This leaves Trump with his Gulf Arab allies, primarily Saudi Arabia and the United Arab Emirates. A day after the Wall Street Journal report came out, Saudi Foreign Minister Adel Al Jubeir renewed his country’s support for an Arab military presence in Syria, a proposal on which the kingdom, he said, is “in discussions with the US, and [has] been since the beginning of the Syrian crisis.” But Al Jubeir was quick to point out that Saudi Arabia had offered to participate in a US-led coalition or military contingent, indicating that Saudi Arabia did not intend to replace, but rather supplement, US forces in Syria. To Trump’s dismay then, an Arab contribution would unlikely allow for a complete withdrawal of US troops from Syria.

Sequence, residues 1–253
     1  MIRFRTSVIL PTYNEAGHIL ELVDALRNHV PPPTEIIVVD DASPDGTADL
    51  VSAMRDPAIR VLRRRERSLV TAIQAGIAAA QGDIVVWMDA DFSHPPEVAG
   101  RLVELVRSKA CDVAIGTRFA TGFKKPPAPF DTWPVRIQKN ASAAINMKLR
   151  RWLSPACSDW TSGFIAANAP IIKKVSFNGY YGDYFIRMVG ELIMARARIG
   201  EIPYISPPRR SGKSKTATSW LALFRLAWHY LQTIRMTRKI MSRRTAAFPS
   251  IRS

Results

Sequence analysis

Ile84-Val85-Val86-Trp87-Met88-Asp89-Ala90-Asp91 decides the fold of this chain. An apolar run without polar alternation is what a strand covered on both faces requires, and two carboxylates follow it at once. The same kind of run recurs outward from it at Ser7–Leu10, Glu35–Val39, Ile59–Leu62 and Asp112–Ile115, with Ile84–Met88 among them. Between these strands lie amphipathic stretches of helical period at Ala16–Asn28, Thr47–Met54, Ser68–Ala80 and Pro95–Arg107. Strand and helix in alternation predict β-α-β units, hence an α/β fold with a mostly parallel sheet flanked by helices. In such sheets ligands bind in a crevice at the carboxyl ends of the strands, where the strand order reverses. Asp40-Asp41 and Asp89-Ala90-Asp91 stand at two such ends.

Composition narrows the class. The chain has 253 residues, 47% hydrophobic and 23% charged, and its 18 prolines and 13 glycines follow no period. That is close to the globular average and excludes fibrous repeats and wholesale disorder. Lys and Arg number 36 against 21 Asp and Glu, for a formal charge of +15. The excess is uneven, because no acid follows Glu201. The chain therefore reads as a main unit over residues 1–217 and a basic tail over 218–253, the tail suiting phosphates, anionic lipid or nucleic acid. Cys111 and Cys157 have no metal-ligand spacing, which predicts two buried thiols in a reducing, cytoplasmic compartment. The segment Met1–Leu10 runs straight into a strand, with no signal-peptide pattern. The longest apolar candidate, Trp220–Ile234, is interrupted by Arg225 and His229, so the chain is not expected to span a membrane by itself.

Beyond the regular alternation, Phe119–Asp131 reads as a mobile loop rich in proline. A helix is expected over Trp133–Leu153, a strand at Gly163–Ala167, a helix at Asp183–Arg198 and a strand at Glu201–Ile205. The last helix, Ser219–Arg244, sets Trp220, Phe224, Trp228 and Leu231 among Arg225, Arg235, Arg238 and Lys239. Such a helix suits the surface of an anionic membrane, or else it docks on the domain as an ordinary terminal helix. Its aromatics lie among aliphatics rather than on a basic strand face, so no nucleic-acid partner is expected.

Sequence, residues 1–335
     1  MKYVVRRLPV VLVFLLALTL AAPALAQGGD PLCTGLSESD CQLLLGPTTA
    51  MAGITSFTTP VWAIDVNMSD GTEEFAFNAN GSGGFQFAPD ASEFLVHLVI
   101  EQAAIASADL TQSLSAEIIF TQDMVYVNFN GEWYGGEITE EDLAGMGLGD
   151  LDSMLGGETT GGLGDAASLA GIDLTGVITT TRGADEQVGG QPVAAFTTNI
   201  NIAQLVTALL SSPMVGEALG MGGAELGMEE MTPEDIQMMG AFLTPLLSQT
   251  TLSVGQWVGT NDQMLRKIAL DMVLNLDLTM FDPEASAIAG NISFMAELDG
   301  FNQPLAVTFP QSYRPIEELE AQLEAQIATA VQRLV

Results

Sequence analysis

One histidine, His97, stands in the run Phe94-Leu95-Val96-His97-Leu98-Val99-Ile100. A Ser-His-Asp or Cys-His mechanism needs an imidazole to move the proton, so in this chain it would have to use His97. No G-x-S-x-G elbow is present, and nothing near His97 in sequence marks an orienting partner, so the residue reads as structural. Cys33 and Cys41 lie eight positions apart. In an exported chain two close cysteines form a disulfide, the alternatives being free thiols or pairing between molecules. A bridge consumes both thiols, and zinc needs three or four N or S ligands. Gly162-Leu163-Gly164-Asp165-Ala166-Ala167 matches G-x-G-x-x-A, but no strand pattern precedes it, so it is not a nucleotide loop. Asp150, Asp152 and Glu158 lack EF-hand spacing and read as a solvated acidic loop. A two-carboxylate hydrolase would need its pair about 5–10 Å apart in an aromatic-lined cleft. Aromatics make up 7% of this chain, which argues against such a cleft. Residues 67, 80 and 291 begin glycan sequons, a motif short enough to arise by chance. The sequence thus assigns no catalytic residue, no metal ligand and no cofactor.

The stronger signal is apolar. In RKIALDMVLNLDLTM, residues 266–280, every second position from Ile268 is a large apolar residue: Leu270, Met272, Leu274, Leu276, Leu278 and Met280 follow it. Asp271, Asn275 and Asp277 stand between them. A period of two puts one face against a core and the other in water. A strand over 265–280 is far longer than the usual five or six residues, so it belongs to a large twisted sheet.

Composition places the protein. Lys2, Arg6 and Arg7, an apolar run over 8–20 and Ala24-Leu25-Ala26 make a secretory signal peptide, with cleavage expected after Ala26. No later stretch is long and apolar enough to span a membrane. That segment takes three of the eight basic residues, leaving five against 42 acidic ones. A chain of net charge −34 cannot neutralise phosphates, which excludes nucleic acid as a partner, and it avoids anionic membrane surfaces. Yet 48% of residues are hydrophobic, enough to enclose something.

Beyond the plan’s shortcomings, Gulf forces are currently tied up in the military campaign in Yemen, which tops the Gulf states’ national-security priorities. In March 2015, Iran-backed Houthi militants took over the capital city Sanaa, forcing the president, Abd Rabou Mansour Hadi, to flee into exile in Aden, which they then threatened to overrun. Answering Hadi’s plea for help, Saudi Arabia assembled a military coalition that over the past three years has sought to restore Hadi’s internationally recognized government and bring to an end Houthi control over parts of the country.